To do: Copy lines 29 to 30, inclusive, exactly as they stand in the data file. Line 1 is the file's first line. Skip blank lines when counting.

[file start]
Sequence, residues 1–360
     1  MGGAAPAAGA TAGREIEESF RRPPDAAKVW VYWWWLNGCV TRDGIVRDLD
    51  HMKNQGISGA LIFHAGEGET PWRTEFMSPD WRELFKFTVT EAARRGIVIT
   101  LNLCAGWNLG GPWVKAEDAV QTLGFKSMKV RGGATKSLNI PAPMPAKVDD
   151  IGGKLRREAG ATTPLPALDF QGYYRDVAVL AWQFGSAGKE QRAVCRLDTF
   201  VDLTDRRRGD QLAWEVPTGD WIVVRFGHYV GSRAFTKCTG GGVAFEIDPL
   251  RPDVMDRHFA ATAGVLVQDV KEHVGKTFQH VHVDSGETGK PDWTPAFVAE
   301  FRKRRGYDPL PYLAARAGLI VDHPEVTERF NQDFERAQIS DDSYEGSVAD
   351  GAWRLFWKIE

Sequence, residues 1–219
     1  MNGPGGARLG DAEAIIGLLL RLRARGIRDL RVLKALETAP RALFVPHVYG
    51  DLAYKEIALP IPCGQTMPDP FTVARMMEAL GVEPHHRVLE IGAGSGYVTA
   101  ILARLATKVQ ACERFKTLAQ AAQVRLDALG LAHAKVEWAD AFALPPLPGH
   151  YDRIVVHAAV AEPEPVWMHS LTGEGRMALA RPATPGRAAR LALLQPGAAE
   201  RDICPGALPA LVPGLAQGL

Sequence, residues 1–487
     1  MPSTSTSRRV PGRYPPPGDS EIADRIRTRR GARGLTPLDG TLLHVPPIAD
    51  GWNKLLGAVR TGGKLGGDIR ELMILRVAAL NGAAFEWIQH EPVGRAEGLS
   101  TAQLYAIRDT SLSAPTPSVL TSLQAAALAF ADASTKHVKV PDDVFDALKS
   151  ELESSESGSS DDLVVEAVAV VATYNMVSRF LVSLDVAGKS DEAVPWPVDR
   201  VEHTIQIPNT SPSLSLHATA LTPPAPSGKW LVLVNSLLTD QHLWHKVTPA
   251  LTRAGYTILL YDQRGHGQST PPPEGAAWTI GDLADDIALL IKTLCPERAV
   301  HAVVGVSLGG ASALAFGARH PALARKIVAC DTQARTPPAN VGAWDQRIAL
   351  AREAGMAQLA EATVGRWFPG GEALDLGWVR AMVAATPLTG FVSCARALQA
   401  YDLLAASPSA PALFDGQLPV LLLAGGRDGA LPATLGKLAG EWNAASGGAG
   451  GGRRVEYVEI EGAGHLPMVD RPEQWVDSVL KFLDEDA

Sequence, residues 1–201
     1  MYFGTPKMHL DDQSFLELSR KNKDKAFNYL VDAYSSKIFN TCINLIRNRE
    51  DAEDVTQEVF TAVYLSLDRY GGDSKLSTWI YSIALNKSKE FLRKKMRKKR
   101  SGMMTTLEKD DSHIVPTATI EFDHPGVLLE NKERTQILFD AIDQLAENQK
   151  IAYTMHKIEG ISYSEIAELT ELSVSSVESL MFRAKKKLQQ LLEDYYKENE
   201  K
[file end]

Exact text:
    51  DAEDVTQEVF TAVYLSLDRY GGDSKLSTWI YSIALNKSKE FLRKKMRKKR
   101  SGMMTTLEKD DSHIVPTATI EFDHPGVLLE NKERTQILFD AIDQLAENQK